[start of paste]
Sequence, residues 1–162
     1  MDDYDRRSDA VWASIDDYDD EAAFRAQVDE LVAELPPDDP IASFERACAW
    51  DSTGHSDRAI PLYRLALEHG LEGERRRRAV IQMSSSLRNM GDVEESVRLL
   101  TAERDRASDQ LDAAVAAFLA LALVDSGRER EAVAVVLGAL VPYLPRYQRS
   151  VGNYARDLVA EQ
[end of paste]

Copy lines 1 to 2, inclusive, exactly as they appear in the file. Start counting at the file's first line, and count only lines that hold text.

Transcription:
Sequence, residues 1–162
     1  MDDYDRRSDA VWASIDDYDD EAAFRAQVDE LVAELPPDDP IASFERACAW